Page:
Friday 19 February 2021

Pulling a fast one


John’s disciples came to Jesus and said, ‘Why is it that we and the Pharisees fast, but your disciples do not?’ Jesus replied, ‘Surely the bridegroom’s attendants would never think of mourning as long as the bridegroom is still with them? But the time will come for the bridegroom to be taken away from them, and then they will fast.’’

LUKE 9:14-15


“Love and marriage, love and marriage, goes together like a horse and carriage,” so the old song goes. Of course, in today’s society, the number of people getting married has dropped in number, and it doesn’t mean that those who choose not to get married don’t love each other! But it does mean that those who marry must love each other. The vows exchanged aren’t simply a contractual agreement, they are promises of love, and love fills the vows made. In today’s reading, Jesus uses an image of marriage to convey something of himself. John’s disciples wonder if Jesus and his disciples are pulling a fast one when it comes to fasting! But Jesus is the bridegroom, and he has come for a marriage, a marriage based on love. And like a bridegroom’s best man in our own day who attends to the groom, supports and assists him, coordinates celebrations, is filled with happiness and excitement for his friend, so Jesus’ disciples are filled with joy when they are in his presence. But, he reminds them, the bridegroom will be taken away, and then their joy will cease for a time, their hearts will be broken, their hopes dashed, their dreams dissolved. One aspect of fasting is penitential or sorrowful. Perhaps we do this in many areas of life without even thinking about it. We may be hard on ourselves, even punish ourselves in some way because of some feeling of guilt or personal responsibility for things done wrong, or to show that we are sorry, to express our sorrow. So too with our fasting through Lent. It can be a sign of sorrow for our sins for which Christ died. Fasting is uncomfortable because sometimes our relationship with Christ is made uncomfortable by the way we live. But he has laid down his life for us and we, in turn, are called to lay down our lives for him.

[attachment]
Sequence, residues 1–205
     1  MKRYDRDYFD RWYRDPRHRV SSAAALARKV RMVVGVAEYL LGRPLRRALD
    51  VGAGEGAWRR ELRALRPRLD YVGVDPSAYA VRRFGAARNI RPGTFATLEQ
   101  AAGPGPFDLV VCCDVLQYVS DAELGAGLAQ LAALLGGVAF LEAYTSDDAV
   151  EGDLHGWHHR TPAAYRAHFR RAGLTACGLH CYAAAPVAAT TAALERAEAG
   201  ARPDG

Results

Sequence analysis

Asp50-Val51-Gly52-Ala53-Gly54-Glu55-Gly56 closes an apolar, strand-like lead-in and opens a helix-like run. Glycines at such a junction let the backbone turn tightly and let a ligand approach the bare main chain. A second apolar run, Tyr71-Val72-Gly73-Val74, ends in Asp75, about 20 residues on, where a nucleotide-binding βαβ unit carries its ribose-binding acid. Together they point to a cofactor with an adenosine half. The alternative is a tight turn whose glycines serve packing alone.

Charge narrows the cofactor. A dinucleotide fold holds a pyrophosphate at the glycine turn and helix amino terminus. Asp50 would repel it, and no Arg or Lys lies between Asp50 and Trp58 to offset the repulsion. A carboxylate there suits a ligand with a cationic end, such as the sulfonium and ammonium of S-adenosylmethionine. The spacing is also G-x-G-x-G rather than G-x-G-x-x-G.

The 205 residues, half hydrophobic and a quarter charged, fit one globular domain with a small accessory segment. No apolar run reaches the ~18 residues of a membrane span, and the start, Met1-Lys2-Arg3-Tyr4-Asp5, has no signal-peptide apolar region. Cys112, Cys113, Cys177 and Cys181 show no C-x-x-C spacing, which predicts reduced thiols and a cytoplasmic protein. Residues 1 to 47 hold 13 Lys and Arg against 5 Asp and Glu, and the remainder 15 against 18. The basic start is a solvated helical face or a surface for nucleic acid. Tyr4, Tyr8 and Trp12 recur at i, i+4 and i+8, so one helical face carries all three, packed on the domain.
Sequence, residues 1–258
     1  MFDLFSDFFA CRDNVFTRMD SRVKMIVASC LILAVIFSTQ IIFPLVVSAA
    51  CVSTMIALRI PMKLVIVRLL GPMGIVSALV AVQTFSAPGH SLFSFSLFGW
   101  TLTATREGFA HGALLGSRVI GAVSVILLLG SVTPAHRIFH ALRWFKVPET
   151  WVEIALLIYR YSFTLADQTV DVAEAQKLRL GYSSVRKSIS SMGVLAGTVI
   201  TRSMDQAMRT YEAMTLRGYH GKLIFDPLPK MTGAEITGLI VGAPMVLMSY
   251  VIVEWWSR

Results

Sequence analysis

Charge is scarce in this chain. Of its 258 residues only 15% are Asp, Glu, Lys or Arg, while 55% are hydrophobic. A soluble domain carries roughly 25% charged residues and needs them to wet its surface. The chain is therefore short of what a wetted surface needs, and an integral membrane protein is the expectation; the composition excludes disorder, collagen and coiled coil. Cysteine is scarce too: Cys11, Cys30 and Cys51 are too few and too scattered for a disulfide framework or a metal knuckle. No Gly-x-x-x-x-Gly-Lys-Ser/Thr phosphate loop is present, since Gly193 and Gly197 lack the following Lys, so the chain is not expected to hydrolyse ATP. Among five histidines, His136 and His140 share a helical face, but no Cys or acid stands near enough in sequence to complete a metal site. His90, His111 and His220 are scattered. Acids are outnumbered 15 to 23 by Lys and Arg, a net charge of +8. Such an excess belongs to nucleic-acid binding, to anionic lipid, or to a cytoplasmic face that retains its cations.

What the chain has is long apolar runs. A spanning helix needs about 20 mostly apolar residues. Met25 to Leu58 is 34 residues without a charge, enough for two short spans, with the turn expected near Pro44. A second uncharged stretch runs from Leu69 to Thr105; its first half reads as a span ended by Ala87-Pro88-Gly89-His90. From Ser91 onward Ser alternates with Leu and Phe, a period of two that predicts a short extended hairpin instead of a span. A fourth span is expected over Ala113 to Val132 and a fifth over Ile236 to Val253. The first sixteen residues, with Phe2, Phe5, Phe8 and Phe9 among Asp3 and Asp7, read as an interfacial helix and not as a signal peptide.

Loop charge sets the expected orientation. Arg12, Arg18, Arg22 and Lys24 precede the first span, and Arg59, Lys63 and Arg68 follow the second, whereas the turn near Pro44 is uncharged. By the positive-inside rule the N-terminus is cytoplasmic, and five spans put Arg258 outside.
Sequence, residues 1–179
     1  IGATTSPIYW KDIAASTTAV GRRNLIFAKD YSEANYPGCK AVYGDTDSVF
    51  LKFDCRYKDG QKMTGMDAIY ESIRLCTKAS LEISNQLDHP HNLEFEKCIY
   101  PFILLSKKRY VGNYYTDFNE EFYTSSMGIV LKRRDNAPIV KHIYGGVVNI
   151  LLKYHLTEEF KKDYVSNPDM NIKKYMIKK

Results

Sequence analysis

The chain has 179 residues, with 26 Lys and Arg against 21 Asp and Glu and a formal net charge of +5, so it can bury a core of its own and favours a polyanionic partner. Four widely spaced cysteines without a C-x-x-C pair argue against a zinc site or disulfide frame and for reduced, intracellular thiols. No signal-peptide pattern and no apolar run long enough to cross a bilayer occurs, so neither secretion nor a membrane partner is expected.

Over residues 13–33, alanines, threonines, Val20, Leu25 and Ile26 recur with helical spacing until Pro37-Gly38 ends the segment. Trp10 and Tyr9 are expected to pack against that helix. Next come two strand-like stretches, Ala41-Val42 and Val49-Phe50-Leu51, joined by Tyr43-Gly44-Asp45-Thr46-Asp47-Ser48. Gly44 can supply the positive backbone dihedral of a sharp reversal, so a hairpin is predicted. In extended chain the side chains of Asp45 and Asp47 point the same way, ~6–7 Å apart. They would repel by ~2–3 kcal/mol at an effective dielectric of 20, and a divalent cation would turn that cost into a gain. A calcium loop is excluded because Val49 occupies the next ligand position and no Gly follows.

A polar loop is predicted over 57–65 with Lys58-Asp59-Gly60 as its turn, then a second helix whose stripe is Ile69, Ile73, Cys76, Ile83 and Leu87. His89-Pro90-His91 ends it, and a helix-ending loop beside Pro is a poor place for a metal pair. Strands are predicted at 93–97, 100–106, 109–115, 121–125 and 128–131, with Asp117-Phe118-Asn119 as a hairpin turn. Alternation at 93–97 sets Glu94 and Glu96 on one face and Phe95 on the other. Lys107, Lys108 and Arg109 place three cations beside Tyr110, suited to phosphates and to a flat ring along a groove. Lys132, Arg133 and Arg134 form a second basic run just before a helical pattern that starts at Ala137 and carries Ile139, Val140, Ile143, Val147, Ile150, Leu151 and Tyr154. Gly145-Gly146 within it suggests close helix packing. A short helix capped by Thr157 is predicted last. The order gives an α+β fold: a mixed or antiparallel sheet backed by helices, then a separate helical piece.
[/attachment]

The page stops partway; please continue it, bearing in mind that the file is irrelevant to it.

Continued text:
God our Father, as we take the first steps on our Lenten journey help us to be open and honest about our sins, and to draw closer to you in penitence and love. Through Jesus Christ our Lord. Amen.

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